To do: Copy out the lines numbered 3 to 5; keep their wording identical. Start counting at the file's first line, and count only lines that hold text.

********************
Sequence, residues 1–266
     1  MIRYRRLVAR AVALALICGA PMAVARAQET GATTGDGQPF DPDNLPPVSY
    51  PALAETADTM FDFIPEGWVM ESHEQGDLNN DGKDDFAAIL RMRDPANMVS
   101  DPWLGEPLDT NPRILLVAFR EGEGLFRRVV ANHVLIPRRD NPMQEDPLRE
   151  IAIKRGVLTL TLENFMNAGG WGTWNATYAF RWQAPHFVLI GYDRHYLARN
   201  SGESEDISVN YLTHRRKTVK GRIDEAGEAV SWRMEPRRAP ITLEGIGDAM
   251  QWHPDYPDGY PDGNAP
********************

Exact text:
    51  PALAETADTM FDFIPEGWVM ESHEQGDLNN DGKDDFAAIL RMRDPANMVS
   101  DPWLGEPLDT NPRILLVAFR EGEGLFRRVV ANHVLIPRRD NPMQEDPLRE
   151  IAIKRGVLTL TLENFMNAGG WGTWNATYAF RWQAPHFVLI GYDRHYLARN